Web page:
The car display and associated car connectivity market, has long been considered by car makers as a necessary but unwanted distraction from drivers’ eyes on the road, and possibly compromising (safety) a car makers’ primary obligation.
Now, attitudes are shifting with some $750 billion (yes, billion) in new revenue on the line, from both a lucrative captive and (more importantly) mobile audience with an appetite for ubiquitous connectivity that now includes drive-time. All this is not lost on Silicon Valley mobile device makers like Apple, Google and the rest.
To get to that $750 billion number, McKenzie & Co. looked at what they call the “attention economy” assessing the media content that all car passengers worldwide (some 1.2 billion per day). They could view mobile media content via this “hardware pipe” delivering a ‘captive audience’. by 2030, that value is some €5 billion (per annum), for every minute spent in the car, according to McKenzie “Monitizing car data” 2016. That number excludes revenue from infotainment hardware. The group expects to see strategic partnerships for car makers with media and on-line content providers that will enhance the long evolving drive (getting there) experience.
Add to this displays used for GPS navigation, plus the growing need for command and control as car to car (C2C) and car to infrastructure (C2I) evolution progress along with the incessant need for infotainment (display) improvements as the prospect of self-driving vehicles moves from formation, ever closer to full realization in the coming decades.
Perhaps the most natural intersection of mobile technology and cars come in GPS navigation, and Alphabet’s Google, with its Google Maps and Waze mobile applications, seem to have an edge. Apple was late with its mobile OS map application launching (and replacing Google Maps) in its iOS in 2012. The company experienced some user resistance, and even usage setbacks at first, losing the trust of drivers. Even a single (or worse yet multiple) misguided direction can brand an application as inferior, and a ‘time waster’. But the potential pay-off in ad revenue et al. for these “gateway apps” is enormous, as the McKinsey study, indicates. So Apple stuck it out. The app is on all iOS, Mac OS and Apple watch devices to date.
Some car makers including Volkswagen (VW) met with Google (in 2016), as recently reported in the April 6, 2019 WSJ “Battle for the Dashboard” article on the vehicle display. As the story goes, the carmaker became nervous when the internet giant wanted access to a driver’s fuel level, presumably to trigger data notices to the driver on best places to fill-up. The article said VW viewed Google “…more as a competitor” and the idea of Silicon Valley firms wanting in car access as a form of “encroachment.” So VW is striking out on its own with its cloud based vw.os. That company along with Diamler (Mercedes) and BMW created a consortium to buy Nokia’s mapping business ‘HERE’, from Nokia for $3.1 billion in 2015.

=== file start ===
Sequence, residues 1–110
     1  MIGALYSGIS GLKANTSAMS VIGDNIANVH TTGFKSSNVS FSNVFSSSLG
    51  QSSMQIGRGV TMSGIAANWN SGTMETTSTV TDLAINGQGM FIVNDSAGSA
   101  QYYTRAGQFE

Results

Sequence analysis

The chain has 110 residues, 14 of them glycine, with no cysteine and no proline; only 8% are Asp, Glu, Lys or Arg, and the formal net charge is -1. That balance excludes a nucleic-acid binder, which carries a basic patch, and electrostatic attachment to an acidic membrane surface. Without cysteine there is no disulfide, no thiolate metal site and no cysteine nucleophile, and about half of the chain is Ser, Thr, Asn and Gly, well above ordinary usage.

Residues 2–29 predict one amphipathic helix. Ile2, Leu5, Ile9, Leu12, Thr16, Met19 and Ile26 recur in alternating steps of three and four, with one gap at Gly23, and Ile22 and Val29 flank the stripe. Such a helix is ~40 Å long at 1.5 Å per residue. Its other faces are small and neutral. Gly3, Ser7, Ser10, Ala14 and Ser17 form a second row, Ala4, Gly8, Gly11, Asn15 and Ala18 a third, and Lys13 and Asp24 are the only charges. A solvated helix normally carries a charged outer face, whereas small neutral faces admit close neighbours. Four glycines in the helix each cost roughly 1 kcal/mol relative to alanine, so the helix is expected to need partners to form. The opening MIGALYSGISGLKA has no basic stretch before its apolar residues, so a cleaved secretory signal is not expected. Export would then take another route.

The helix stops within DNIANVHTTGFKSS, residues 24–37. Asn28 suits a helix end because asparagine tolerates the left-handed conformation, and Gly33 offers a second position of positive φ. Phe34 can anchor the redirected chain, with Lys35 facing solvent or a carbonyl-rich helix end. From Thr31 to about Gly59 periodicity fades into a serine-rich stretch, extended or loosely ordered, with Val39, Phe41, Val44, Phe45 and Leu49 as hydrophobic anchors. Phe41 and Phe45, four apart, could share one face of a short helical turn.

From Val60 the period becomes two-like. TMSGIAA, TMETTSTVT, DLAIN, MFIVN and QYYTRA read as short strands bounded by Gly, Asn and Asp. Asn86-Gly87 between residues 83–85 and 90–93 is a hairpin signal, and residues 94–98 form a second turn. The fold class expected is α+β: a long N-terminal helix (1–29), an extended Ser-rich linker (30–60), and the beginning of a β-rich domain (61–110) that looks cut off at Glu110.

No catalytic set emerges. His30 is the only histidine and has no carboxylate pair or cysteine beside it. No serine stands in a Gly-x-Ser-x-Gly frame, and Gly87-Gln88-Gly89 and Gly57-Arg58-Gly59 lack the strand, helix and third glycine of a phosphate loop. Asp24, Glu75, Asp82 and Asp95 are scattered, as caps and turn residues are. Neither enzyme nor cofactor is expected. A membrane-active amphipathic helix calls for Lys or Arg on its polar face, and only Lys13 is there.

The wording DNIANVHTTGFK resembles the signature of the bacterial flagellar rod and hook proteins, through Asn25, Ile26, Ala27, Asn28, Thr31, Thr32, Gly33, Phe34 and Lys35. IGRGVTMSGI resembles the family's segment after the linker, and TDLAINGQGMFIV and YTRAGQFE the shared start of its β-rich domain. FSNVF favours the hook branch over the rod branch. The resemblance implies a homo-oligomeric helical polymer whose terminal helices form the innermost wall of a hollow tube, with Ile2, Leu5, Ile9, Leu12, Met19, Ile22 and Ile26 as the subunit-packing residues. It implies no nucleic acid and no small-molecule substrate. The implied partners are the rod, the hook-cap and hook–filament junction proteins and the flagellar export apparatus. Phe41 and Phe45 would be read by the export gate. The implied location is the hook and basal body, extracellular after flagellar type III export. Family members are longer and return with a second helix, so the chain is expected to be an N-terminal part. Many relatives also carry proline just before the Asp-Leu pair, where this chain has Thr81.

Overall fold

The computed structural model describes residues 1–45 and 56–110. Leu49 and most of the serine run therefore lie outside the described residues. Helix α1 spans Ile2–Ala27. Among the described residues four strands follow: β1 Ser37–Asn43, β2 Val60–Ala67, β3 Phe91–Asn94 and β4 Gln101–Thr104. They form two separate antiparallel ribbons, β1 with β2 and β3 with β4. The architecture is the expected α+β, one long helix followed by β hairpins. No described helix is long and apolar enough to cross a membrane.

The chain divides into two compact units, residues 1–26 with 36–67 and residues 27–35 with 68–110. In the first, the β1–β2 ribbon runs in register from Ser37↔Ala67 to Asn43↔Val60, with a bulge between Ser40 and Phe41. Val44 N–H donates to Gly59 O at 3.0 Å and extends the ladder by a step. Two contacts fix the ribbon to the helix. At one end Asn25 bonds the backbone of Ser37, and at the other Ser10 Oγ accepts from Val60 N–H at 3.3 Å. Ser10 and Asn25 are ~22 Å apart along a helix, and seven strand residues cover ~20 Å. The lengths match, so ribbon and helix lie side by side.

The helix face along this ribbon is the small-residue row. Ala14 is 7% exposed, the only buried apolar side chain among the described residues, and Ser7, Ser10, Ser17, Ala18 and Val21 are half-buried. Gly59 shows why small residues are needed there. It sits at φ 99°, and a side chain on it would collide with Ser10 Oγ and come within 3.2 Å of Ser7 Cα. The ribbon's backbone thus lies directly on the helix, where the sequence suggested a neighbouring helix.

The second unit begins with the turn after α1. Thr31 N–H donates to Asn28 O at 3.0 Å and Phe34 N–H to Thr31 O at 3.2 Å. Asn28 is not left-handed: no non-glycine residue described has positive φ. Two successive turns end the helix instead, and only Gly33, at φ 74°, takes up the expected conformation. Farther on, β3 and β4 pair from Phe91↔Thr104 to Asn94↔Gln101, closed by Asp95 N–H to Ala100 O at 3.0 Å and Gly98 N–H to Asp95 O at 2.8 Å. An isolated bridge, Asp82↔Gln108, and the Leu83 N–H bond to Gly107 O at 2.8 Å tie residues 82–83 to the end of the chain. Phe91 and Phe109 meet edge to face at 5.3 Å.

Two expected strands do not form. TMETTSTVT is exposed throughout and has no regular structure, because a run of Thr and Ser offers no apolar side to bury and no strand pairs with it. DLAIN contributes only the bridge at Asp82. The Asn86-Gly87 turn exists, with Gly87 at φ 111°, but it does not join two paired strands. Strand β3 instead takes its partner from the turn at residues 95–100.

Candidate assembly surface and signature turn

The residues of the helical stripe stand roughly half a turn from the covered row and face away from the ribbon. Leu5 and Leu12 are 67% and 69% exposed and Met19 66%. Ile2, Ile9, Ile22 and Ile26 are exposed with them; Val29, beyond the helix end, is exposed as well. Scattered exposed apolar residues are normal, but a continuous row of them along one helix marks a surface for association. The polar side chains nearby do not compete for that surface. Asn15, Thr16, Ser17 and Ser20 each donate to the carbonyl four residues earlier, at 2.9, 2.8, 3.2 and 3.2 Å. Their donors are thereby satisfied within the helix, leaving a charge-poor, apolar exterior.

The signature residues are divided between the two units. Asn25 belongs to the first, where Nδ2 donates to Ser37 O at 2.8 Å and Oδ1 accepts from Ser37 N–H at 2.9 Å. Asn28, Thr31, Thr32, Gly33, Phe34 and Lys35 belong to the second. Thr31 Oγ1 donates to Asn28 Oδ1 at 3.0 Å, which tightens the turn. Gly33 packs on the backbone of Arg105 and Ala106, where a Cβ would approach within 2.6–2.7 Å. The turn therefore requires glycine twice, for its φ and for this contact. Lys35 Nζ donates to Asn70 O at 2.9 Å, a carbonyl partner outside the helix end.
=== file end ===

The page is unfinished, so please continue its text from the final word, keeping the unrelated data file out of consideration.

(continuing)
Giant Google with its $82 billion in mobile advertising revenue last year alone seems to be leading the field with some 19% of all in-car operating systems, (according to IHS) and that number is expected to grow to 33% by 2024. The Android Open Automotive Aliance uses a middleware approach (Android Auto.) For its part, Apple has taken a telematics approach to connectivity with its iOS devices, launching its CarPlay (released in March 2014) offered as a “middleware” to car makers (and after-market car audio makers.) with a focus on interactivity to its iOS devices. Apple claims over 500 car models support CarPlay, and they are listed on its web site.
So it is here; the car dashboard display now sits at the confluence of technology, new media, social and connected networks, all converging and competing for the 51 minutes per day average spent inside the car, (for more details check out the AAA emerging technology 2019 web site). But the Holy Grail between the pedestrian smartphone mobile experience and driving is a seamless transition, with Apple and Google’s dominance in the mobile device space unchallenged. Moving forward, the once simple horseless carriage makers that one century ago changed the face of the earth, (and the very air we breathe) now must contend with new technology choices that could make or break their future as they transition toward new connectivity options that could represent the newest automotive industry cash cow. – Stephen Sechrist